Fatal fire likely not arson, say police

SNOHOMISH — Police are now nearly sure that the fire that killed a Snohomish family was started accidentally.

“We are 90 percent certain this was not an arson fire,” Snohomish Police Chief John Turner said Tuesday.

Investigators have narrowed down the location in the mobile home where the fatal Sept. 30 fire started, he said.

A makeshift heater and a power strip were found where fire investigators believe the blaze started, Turner said.

“Power supplies have a history of overheating,” the police chief said.

The leading cause of mobile home fires is faulty wiring, fire officials said.

Additional analysis is underway to help investigators reach a definitive conclusion on the fire’s cause.

Relatives of the family that died in the blaze said they feel better knowing the fire likely was an accident, said Juliana Montaño Flores, a sister-in-law.

“Thinking that someone would have a grudge against them is something we don’t need right now,” she said.

Investigators had considered the fire suspicious: A specially trained dog detected signs of a flammable accelerant at the mobile home. Test results are still pending to determine what the dog might have sniffed.

The victims were Maria “Sandra” Montaño, 28; her daughters Ashley, 7, and Yareli, 4; and her sister, Petra “Claudia” Montaño, 25.

The early morning blaze killed the family as they slept.

Countywide, there are roughly 18,000 mobile or manufactured homes, mostly in unincorporated areas, county property records show. Like the 40-year-old mobile home where the Snohomish family died, nearly one in five in the county was built before 1976, when government standards went into place to improve fire safety.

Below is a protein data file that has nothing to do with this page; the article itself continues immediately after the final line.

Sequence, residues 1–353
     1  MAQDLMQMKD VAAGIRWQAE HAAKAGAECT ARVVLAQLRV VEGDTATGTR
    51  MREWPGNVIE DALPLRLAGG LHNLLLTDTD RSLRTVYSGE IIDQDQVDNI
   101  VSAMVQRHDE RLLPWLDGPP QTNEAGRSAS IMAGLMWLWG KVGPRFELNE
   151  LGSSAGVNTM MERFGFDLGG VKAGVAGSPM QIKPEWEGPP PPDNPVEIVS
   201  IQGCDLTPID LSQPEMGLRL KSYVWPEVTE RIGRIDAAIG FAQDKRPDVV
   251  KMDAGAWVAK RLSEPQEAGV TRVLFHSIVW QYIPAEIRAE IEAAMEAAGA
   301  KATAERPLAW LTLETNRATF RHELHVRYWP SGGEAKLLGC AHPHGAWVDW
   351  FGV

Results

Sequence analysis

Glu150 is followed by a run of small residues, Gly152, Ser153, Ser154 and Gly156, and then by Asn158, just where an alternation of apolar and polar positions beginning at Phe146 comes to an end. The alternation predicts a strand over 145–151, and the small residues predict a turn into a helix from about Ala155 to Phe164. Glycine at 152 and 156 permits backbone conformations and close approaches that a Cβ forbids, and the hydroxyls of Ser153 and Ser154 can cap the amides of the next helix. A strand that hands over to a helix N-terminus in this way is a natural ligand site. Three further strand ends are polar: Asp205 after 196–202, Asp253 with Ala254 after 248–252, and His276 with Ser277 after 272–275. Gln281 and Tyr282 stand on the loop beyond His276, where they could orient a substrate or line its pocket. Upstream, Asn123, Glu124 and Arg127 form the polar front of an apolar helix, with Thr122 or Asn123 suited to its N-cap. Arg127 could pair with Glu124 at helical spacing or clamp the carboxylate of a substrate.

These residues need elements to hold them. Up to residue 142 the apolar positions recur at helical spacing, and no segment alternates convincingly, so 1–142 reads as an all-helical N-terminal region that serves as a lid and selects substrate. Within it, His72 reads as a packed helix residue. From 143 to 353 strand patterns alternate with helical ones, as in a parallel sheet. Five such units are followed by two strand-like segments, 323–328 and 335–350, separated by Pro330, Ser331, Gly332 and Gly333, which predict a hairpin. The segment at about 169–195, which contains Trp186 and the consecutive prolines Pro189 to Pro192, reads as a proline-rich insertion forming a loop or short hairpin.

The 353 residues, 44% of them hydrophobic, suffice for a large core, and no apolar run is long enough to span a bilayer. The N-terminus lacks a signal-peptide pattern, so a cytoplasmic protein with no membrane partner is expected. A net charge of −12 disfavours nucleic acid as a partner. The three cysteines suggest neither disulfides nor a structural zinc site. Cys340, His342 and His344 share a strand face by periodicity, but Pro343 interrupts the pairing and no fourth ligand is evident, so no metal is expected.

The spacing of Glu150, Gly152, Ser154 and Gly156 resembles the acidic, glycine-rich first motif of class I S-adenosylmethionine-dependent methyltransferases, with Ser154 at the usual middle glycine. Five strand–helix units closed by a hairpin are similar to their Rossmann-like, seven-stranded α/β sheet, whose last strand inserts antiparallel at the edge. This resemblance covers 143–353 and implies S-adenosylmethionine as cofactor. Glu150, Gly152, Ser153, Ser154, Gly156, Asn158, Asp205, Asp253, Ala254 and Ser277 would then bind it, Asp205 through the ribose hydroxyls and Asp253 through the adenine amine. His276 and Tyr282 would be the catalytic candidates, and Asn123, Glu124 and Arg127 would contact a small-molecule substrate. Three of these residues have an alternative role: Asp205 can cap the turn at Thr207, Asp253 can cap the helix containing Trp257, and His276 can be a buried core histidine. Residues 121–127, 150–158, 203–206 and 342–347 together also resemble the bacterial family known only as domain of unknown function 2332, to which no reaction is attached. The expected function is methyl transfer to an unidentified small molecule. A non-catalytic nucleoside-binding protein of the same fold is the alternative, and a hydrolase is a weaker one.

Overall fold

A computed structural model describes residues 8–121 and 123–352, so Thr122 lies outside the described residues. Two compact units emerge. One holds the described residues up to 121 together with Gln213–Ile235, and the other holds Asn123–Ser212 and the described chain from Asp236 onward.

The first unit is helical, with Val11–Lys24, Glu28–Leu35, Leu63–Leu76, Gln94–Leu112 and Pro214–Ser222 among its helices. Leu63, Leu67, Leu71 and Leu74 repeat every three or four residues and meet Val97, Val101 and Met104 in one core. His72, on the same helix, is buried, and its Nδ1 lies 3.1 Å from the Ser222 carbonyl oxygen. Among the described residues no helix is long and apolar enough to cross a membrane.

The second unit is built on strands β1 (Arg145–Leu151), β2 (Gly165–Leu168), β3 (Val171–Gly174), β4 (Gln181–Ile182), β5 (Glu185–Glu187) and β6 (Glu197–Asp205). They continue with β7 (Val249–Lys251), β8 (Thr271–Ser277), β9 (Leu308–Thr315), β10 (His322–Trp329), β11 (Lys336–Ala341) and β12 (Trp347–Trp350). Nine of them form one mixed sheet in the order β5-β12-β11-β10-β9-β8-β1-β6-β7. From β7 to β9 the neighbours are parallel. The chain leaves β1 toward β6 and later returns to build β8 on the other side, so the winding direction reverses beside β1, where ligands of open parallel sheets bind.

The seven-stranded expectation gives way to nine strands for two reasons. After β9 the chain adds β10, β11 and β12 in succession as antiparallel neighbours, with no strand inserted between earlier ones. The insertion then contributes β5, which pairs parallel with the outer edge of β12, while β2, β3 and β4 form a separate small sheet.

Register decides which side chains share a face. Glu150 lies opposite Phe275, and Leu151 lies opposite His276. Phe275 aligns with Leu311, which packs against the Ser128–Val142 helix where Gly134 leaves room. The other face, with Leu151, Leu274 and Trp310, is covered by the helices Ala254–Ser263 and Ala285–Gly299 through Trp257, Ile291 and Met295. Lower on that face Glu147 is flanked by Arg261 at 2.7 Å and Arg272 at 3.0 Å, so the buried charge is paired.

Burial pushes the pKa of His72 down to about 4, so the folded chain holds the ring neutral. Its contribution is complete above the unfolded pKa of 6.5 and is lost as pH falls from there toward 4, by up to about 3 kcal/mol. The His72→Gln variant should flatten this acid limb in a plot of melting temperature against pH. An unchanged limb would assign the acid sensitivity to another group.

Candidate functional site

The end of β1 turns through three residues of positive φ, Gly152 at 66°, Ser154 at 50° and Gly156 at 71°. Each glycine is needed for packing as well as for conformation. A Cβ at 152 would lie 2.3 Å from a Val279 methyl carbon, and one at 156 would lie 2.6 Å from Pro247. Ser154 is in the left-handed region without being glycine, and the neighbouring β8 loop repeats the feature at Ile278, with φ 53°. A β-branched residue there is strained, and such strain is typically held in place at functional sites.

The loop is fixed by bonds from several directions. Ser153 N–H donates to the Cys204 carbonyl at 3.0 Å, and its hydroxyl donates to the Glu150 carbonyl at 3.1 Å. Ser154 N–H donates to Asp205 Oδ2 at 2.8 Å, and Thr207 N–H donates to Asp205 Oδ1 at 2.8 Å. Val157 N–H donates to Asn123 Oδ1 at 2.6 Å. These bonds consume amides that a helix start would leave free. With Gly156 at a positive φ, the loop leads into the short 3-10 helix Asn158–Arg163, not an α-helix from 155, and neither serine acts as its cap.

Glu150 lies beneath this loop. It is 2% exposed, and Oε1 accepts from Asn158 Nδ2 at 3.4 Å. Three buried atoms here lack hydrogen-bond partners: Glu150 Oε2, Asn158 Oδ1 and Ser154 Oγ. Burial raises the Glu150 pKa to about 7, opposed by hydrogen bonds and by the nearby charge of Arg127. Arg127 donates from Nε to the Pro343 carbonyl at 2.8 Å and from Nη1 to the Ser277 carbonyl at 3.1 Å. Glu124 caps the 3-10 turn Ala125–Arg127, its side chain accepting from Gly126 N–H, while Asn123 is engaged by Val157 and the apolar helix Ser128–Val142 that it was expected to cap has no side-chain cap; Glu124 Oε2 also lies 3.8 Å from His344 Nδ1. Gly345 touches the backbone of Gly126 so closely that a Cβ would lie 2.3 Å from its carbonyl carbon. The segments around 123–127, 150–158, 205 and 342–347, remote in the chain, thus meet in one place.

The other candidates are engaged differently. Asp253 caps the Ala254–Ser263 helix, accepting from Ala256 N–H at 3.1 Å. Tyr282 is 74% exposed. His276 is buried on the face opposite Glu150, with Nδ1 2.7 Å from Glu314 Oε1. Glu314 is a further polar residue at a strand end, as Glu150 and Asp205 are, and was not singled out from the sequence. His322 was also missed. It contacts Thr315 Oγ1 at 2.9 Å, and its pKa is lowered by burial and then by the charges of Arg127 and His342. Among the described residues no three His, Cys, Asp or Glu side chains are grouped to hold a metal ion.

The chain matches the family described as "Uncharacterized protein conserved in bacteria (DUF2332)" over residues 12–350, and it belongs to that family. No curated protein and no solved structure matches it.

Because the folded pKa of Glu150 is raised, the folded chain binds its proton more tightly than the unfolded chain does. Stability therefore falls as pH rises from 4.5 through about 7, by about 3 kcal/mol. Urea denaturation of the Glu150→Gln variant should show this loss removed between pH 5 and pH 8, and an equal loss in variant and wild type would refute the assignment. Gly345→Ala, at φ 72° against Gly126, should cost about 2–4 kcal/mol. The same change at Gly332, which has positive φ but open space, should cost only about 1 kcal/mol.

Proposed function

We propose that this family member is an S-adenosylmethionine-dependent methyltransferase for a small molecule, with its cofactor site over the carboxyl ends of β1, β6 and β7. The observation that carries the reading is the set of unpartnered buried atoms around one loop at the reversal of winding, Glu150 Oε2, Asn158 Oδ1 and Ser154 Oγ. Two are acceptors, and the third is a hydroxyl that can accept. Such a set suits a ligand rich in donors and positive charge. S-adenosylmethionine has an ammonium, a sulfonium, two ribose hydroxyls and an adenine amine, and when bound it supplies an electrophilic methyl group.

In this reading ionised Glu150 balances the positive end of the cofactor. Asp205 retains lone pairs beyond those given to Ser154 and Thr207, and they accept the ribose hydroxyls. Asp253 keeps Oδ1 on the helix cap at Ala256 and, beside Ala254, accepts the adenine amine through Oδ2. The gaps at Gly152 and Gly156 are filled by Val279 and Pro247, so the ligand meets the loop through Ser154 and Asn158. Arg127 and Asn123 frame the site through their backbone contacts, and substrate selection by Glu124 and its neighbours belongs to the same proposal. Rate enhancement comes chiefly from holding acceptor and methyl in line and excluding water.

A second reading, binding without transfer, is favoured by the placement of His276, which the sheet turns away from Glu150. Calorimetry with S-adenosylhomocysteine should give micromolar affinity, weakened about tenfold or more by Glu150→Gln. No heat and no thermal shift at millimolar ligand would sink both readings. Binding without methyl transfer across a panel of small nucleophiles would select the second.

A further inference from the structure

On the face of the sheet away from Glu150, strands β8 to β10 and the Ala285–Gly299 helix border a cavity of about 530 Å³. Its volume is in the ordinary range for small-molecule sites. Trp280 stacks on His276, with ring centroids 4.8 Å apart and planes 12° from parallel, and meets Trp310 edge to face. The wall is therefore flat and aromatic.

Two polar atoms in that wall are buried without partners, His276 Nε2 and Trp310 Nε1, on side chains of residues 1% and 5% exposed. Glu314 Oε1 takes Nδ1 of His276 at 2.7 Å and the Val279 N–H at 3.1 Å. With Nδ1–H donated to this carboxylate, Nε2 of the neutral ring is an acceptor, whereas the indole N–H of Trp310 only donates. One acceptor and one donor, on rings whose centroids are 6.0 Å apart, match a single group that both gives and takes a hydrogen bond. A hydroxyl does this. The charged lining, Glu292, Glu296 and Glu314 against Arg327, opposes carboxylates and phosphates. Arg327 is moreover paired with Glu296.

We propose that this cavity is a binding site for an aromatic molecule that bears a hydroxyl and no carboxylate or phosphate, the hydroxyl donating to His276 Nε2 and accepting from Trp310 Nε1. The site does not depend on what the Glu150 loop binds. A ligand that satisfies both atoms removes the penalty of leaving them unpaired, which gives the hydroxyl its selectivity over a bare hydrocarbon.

Federal immigration officials arrested the man who sold the mobile home to the family for $4,000 in late September, days before the fatal fire. He’s being held in a federal detention center for possessing fraudulent immigration documents and living illegally in the country, according to a complaint filed Thursday in U.S. District Court in Seattle.

Police were interested in the man early on during the fire investigation.

“We did want to talk to him,” Turner said. “He’s not a person of interest at this point in time.”

La Raza del Noroeste writer Alejandro Dominguez contributed to this report.

Reporter Jackson Holtz: 425-339-3437 or jholtz@heraldnet.com.

More in Local News

Everett’s Donna Witte at the Seattle Women’s March last year. Witte plans to join the Seattle Women’s March 2.0 on Saturday. (Courtesy Donna Witte)
Everett events part of national ‘March to Impeach’

“The main thing that draws me out is the realization I have been taking this democracy for granted.”

Outgoing councilwoman honored by Marysville Fire District

The Marysville Fire District in December honored outgoing City Councilwoman Donna Wright… Continue reading

Everett district relents on eminent domain moving expenses

Homeowners near Bothell still must be out by April to make way for a planned new high school.

Their grown children died, but state law won’t let them sue

Families are seeking a change in the state’s limiting wrongful-death law.

Officials rule train-pedestrian death an accident

The 37-year-old man was trying to move off the tracks when the train hit him, police say.

Ex-Monroe cop re-arrested after losing sex crime case appeal

He was sentenced to 14 months in prison but was free while trying to get his conviction overturned.

Marysville hit-and-run leaves man with broken bones

The state patrol has asked for help solving an increasing number of hit-and-run cases in the state.

Everett man killed at bar had criminal history, gang ties

A bar employee reportedly shot Matalepuna Malu, 29, whose street name was “June Bug.”

2 names released from recent fatal crashes

Both men were killed earlier this month.

Most Read